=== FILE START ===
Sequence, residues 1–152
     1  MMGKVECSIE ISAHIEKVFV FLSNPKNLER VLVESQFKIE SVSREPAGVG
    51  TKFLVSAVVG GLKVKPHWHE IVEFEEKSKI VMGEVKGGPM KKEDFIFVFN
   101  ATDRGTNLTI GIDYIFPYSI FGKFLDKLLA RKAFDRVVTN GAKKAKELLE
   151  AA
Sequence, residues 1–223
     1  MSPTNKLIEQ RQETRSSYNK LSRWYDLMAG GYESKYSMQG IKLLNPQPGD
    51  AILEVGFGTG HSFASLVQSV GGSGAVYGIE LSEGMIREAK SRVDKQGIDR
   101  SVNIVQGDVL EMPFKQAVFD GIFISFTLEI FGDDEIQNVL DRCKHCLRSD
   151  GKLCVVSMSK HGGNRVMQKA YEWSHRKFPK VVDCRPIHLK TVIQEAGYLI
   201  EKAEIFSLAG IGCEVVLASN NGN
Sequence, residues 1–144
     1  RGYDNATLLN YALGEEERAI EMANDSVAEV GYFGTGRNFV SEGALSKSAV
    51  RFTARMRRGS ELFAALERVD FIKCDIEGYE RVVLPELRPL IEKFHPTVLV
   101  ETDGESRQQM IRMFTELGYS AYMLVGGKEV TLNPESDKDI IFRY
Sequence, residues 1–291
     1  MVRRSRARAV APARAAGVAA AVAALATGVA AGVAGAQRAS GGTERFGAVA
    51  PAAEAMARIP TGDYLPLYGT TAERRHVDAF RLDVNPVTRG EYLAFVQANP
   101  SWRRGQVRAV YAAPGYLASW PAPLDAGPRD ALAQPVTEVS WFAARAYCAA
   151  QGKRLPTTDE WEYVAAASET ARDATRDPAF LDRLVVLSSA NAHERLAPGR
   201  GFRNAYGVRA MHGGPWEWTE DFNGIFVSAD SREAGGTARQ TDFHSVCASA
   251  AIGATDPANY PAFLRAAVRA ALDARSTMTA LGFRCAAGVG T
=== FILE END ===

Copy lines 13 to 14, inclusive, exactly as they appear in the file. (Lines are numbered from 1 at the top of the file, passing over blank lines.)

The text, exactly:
     1  RGYDNATLLN YALGEEERAI EMANDSVAEV GYFGTGRNFV SEGALSKSAV
    51  RFTARMRRGS ELFAALERVD FIKCDIEGYE RVVLPELRPL IEKFHPTVLV